How do I prioritize product ideas?
Successful ideation involves collecting, curating, and promoting ideas into features. This ensures that key feedback and requests are seamlessly integrated into your product planning and development processes. It also allows you to confirm which ideas will add value to customers and the business.
The most effective method is to score ideas based on projected maximum value for both parties. The scoring mechanism for ideas should be meaningful and measurable, but high level enough so the team does not waste time evaluating ideas that will never get implemented. We recommend creating a scorecard to allow the team to quickly rank ideas as they come in.
For example, when we are capturing ideas, we evaluate them on two axes: impact and effort. This provides us with a simple, straightforward way to easily rank ideas as they are submitted. Other values that might be useful include sales or thought leadership -- but no matter which values you choose, they should always roll up to high-level impact.
Are you sitting on several submitted ideas? Here’s a quick checklist to manage idea scoring:
Ensure that information is complete
There are several ways to approve ideas. We suggest starting with a quick review of new ideas to determine if more information is needed. If this is the case for a specific idea, email its submitter. Doing so will start a dialogue about how this idea will enhance the product.
Merge duplicate ideas
Ideas that already exist should be merged so that you can reduce the list to unique ideas -- without losing the details and nuance of each request. When you merge two ideas, the one to which you merge should become the primary idea. All ideas merged from that point on thus become part of that group.
Rank based on score
Sometimes, you review an idea and know right away that it should be promoted to a feature. Other times, the value of an idea will be unclear. In all cases, you should quantify the value of features against metrics that matter to your business. Then, rank these features based on those scores. Use a simple "effort" scale to rank these features based on projected maximum return. Where possible, make ideas public so that all stakeholders can see them. This allows them to add comments, votes, and suggestions for each idea.
Promote ideas to features
Once an idea has proven value for customers and the business, the next step is to promote it to a product feature. When you promote an idea to a feature, a link is established between the original idea and its new, corresponding feature. This ensures that a feature's origin is always accessible. It also ensures that users who submit and subscribe to ideas are automatically notified when an idea is implemented as a shipped feature.
Respond to those who submit ideas and provide feedback
Responding quickly to ideas with, "Yay", "Nay", or "Soon" is helpful to the person who submitted the idea and anyone else who has visibility. But this also helps product teams communicate with stakeholders using transparency. It also reinforces product positioning and direction. When product teams practice idea scoring, it encourages quality discussion and additional insight. The result is happier teams building more lovable products.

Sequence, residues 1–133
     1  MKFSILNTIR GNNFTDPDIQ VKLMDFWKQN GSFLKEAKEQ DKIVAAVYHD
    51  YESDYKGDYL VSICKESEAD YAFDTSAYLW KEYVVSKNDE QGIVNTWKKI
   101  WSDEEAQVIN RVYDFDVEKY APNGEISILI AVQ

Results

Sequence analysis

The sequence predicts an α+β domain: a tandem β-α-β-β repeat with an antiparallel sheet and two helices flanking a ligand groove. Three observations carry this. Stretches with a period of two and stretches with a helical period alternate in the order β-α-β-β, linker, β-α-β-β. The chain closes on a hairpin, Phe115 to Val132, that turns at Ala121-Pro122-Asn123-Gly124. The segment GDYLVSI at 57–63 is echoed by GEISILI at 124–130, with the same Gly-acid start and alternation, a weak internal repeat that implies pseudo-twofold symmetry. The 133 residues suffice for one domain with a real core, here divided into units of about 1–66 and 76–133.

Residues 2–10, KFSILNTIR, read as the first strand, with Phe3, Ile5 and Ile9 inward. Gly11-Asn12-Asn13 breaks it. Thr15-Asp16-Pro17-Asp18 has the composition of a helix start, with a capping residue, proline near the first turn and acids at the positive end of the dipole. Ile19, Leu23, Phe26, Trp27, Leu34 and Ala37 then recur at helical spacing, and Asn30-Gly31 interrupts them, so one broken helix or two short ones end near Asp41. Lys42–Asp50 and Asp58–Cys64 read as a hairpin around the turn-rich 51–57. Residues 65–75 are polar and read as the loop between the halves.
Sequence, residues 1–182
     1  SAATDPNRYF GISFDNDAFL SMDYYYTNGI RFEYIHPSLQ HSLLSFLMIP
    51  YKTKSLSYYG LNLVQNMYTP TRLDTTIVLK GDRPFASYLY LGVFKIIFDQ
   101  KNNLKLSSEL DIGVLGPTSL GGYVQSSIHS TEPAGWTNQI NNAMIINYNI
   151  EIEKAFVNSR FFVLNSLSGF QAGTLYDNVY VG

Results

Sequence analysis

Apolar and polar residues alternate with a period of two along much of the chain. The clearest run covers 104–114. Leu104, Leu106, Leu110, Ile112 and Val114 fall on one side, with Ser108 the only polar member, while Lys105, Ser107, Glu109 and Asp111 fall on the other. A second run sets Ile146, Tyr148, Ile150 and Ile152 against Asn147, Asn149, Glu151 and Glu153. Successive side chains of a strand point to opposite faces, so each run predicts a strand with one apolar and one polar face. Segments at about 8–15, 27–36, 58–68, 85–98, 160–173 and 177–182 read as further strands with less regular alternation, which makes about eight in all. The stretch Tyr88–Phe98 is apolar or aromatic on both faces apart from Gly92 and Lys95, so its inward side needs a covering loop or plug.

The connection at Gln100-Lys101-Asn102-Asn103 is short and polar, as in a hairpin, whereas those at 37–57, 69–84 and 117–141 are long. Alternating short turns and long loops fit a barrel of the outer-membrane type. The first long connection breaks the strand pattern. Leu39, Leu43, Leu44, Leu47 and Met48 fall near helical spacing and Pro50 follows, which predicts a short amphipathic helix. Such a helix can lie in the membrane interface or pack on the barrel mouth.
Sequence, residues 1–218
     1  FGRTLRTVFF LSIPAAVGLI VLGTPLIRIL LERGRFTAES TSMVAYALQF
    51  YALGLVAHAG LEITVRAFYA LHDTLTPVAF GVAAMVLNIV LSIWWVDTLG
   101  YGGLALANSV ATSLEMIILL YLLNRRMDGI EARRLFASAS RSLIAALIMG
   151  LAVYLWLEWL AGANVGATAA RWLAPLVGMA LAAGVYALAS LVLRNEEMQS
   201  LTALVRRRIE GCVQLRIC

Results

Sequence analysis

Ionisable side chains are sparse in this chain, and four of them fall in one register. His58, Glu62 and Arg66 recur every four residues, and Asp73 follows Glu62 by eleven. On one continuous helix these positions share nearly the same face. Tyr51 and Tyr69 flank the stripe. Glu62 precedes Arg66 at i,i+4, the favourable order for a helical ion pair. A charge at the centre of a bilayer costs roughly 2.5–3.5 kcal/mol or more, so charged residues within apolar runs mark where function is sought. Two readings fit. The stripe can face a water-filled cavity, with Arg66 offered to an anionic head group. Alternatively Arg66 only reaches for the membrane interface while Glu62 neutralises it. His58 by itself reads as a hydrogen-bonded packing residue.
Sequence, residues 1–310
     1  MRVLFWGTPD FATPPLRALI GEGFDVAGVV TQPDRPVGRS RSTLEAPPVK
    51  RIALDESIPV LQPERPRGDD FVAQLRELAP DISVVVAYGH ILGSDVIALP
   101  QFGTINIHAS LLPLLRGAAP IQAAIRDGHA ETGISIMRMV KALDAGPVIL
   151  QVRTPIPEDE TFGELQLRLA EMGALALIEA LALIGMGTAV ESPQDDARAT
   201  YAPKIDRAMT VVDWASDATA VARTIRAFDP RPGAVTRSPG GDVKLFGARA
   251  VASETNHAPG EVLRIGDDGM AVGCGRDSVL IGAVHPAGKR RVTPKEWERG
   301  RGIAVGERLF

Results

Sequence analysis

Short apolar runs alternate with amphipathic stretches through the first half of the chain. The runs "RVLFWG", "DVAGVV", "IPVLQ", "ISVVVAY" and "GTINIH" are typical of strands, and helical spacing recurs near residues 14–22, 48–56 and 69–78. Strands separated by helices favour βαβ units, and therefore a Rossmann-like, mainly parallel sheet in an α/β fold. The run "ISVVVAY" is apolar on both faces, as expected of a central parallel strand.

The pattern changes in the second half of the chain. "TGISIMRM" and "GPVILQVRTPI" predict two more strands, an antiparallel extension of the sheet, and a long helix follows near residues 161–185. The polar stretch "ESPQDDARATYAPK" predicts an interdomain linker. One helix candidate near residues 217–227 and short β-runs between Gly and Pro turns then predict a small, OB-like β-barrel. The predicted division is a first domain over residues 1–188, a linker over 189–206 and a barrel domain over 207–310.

- Introduction to product management
- What is the role of a product manager?
- What is a product?
- Which tools do product managers use?
- What skills are required to be a product manager
- What makes up the product team?
- What are some product management job titles?
- What is a typical product manager salary?
- How do product managers work with other teams?
- What does a product manager do each day?
- How can I learn to be a product manager?
- What are some interview questions for product managers?
- What is user experience design?
- How should product managers use wireframes?
- What is the difference: Wireframe vs. Mockup vs. Prototype?
- Introduction to product strategy
- What is product vision?
- What are product goals and initiatives?
- What is product positioning?
- What is product differentiation?
- How should I price my product?
- How should product managers research competitors?
- How should product managers define customer personas?
- What are some examples of a business model?
- What is enterprise transformation?
- What is digital transformation?
- What are the types of business transformation?
- What is the role of product management in enterprise transformation?
- What is customer experience?
- Introduction to product roadmaps
- What is a product roadmap?
- How do product roadmap tools work?
- What is a product portfolio roadmap?
- What is a technology or IT roadmap?
- How do product managers build an agile roadmap?
- What product roadmap presentation templates do product managers use?
- How do product managers build the right roadmap?
- Introduction to product development methodologies
- What is product development?
- What is agile product management?
- What is the role of a product manager in scrum?
- What is a scrum master?
- What is kanban?
- What is waterfall?
- What is the Scaled Agile Framework (SAFe®)?
- What is the role of a product manager in SAFe®?
- What is agile development?
- Introduction to release management
- What are product features?
- What is requirements management?
- What is a product backlog?
- How do product managers prioritize features?
- What is user story mapping?
- How do product managers plan releases across teams?
- What is a sprint?
- What is the difference between a product, release, and sprint backlog?
- What is a good product launch checklist?